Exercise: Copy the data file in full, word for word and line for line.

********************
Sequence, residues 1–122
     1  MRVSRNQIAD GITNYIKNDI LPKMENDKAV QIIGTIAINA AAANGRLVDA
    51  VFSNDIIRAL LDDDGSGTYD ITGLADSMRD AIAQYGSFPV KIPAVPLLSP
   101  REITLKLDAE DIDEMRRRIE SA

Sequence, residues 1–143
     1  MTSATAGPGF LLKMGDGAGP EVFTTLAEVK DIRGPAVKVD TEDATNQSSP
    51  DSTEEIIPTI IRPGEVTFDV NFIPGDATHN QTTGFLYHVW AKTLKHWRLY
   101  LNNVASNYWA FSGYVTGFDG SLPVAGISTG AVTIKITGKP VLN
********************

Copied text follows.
Sequence, residues 1–122
     1  MRVSRNQIAD GITNYIKNDI LPKMENDKAV QIIGTIAINA AAANGRLVDA
    51  VFSNDIIRAL LDDDGSGTYD ITGLADSMRD AIAQYGSFPV KIPAVPLLSP
   101  REITLKLDAE DIDEMRRRIE SA

Sequence, residues 1–143
     1  MTSATAGPGF LLKMGDGAGP EVFTTLAEVK DIRGPAVKVD TEDATNQSSP
    51  DSTEEIIPTI IRPGEVTFDV NFIPGDATHN QTTGFLYHVW AKTLKHWRLY
   101  LNNVASNYWA FSGYVTGFDG SLPVAGISTG AVTIKITGKP VLN